Java EE Seminar for Managers

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This course provides a coherent, high-level explanation of the Java Platform, Enterprise Edition (Java EE): what sorts of software are created with Java EE; how software is developed for this platform; how it is deployed and put into production; how it can be administered. The course is designed specifically for non-programmers -- analysts, managers, technical writers, and anyone who desires a good conceptual understanding of Java EE while not needing to drill down into the details of particular APIs or runtime specifications. Developers may also find this course quite useful as a starting point for one or more of our courses in specific Java EE technology -- it gives a great sense of the big picture before one dives into the details of Servlets, JSP, JSF, EJB, or Java web services.

The course is presented seminar-style, with no hands-on exercises for students and no need for lab equipment. The instructor demonstrates several sample Java EE applications, including web applications, EJBs, JMS, and web services, and can go into source code and other details to suit the interests of the audience. But the focus is on architecture, and on boiling down a very complex system to its essential features: code portability, components and containers, metadata and declarative development. Students come to understand the roles that various Java EE technologies play in a multi-tier, enterprise application, and acquire the terminology and basic workings of each.

  1. Understand the role of Java EE in the development of enterprise software in the Java language.
  2. Understand how Java EE facilitates integration of Java components with non-Java systems including relational databases, the World Wide Web, message queues, CORBA objects, and web services.
  3. Appreciate the importance of the container/component architecture, which gives Java EE servers the ability to take a great deal of grunt-work off of the shoulders of the application.
  4. Describe how containers are able to provide enterprise features to compliant application components, such as remote connectivity, scalability, availability, security, and transaction support.
  5. Explain the use of source-code annotations and XML deployment descriptors as a way of reducing programming workload and communicating with the Java EE application server.
  6. Understand the deployment process and know the general structure of web, EJB, and enterprise archive files.
  1. History and Overview
    1. Structured Programming
    2. Object-Oriented Programming
    3. 4GLs and RAD
    4. Java
    5. Java EE and the Outside World
    6. Versions Upon Versions
  2. Concepts
    1. The Virtual Machine and Runtime
    2. How Does It Work?
    3. Containers and Components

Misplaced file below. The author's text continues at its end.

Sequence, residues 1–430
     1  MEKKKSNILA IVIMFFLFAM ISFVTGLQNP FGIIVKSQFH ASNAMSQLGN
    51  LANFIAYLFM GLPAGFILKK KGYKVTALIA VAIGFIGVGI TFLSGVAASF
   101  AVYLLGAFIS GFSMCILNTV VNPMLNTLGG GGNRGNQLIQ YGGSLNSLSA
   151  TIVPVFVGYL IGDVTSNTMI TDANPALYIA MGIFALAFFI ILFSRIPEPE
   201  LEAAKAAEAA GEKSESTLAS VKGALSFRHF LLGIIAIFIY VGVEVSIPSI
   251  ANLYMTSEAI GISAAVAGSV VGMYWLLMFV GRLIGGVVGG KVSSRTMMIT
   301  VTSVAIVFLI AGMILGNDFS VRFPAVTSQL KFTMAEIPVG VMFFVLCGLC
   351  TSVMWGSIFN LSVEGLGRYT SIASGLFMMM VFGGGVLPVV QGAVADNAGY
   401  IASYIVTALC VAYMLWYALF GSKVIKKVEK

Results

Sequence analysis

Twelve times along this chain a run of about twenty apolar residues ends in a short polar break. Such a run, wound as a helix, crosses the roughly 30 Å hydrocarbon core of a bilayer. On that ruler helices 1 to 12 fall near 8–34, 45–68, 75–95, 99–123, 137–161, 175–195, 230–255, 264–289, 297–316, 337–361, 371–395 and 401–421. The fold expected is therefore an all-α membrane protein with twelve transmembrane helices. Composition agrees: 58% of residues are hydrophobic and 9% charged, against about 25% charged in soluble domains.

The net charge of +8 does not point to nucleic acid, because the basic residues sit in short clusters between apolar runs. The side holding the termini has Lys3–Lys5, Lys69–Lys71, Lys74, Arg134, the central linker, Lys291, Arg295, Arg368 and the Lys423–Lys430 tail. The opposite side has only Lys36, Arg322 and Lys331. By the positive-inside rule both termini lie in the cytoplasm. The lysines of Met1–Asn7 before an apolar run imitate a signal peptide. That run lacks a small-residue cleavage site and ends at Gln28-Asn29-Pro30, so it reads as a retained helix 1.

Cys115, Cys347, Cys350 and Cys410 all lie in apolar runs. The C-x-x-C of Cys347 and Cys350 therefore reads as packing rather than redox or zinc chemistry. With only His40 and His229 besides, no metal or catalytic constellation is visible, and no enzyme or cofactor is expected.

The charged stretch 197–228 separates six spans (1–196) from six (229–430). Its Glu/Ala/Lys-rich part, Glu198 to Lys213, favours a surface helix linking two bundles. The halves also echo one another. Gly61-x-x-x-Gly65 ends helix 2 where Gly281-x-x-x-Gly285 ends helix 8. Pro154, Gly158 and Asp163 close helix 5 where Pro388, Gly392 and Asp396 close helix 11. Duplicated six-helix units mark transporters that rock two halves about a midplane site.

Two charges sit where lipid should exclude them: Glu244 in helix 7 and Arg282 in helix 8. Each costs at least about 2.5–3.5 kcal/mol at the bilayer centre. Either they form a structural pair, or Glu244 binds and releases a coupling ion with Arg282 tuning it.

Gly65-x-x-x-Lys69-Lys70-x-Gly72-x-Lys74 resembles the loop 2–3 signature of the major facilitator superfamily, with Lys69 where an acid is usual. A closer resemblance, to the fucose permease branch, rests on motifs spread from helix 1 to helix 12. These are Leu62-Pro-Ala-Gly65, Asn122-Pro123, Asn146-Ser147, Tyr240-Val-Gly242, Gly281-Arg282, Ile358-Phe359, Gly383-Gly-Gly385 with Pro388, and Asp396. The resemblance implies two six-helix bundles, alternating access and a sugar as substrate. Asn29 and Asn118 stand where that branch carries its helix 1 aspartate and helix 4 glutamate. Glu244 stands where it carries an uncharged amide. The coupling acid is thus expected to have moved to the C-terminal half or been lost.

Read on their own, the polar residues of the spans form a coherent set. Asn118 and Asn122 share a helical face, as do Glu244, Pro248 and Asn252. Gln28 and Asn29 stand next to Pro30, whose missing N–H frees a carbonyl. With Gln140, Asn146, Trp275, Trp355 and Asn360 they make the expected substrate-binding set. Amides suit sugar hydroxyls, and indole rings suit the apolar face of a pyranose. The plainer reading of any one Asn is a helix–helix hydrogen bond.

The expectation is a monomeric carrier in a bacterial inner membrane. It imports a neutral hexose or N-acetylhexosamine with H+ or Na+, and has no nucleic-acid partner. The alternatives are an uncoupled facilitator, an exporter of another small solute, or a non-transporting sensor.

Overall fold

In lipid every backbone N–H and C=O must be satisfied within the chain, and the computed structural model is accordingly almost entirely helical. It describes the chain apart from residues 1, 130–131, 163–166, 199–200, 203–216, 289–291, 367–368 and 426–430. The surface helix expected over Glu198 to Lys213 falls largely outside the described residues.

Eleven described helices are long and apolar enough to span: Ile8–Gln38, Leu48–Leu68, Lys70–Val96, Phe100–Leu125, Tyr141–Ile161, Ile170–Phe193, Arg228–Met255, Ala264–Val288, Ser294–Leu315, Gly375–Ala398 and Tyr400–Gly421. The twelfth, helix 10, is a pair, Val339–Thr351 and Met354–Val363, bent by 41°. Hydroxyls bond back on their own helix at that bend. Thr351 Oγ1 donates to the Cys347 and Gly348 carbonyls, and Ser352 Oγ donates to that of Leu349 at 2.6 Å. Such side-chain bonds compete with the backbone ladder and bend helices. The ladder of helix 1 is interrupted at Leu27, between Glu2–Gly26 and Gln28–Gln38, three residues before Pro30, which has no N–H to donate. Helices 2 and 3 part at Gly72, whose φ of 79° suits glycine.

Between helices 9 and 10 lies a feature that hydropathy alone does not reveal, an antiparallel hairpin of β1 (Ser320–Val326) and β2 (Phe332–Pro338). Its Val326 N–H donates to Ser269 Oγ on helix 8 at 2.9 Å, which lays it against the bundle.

4. Three Containers
    5. Aspect-Oriented Programming
    6. Java EE as an AOP Platform
    7. Annotations
    8. Deployment Descriptors
    9. Remote Connectivity
    10. Scalability
    11. Availability
    12. Security
    13. Transactionality
  3. Technology
    1. JDBC
    2. Servlets
    3. JavaServer Pages
    4. Java Naming and Director Interface
    5. The Component Environment
    6. Multi-Tier Applications
    7. JavaServer Faces
    8. Enterprise JavaBeans
    9. Java Persistence API
    10. Ajax
    11. Java Message Service
    12. APIs for Web Services
  4. Tools, Standards, and Portability
    1. Java IDEs
    2. Web Servers and Containers
    3. Application Servers
    4. Standards and Portability
    5. What Is and Isn't Standardized
    6. Beyond Java EE
  5. Development and Administration
    1. Development Process
    2. Assembling WARs and EJB JARs
    3. Assembling EARs
    4. Verifiers
    5. External Resources
    6. Administrative Tools
    7. Administrative Tasks
    8. Remote Administration and Domains
Class Materials

Each student in our Live Online and our Onsite classes receives a comprehensive set of materials, including course notes and all the class examples.

Class Prerequisites

Experience in the following is required for this Java EE class:

  • Some prior experience with business software is assumed, but there are no formal prerequisites for this course.
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Students rated our trainers 9.39 out of 10 based on 5,172 reviews

The J2EE for Managers class enabled me to make sense of all the Java/J2EE specs I've been given by developers.

Jean Forster, MRO Software
Bedford MA

Learning InDesign was a breeze with Webucator's expert instruction. The trainer's in-depth knowledge and upbeat, cheerful demeanor made quick work of a thick book. I feel confident that we now have the essential understanding needed to apply this program to daily use. Thanks!

Darin Baker, MTD Southwest

Well paced, 'hands on,' and very informative.

Ethan Lyon, SEER Interactive
Philadelphia PA

This webinar was a great tool for understanding Excel 2010. I am trying to get my boss to have more staff members take this class so we can all be on the same page, which will make sharing Excel spreadsheets a lot easier!

Lisa Drymon, BioResource International, Inc
Morrisville NC

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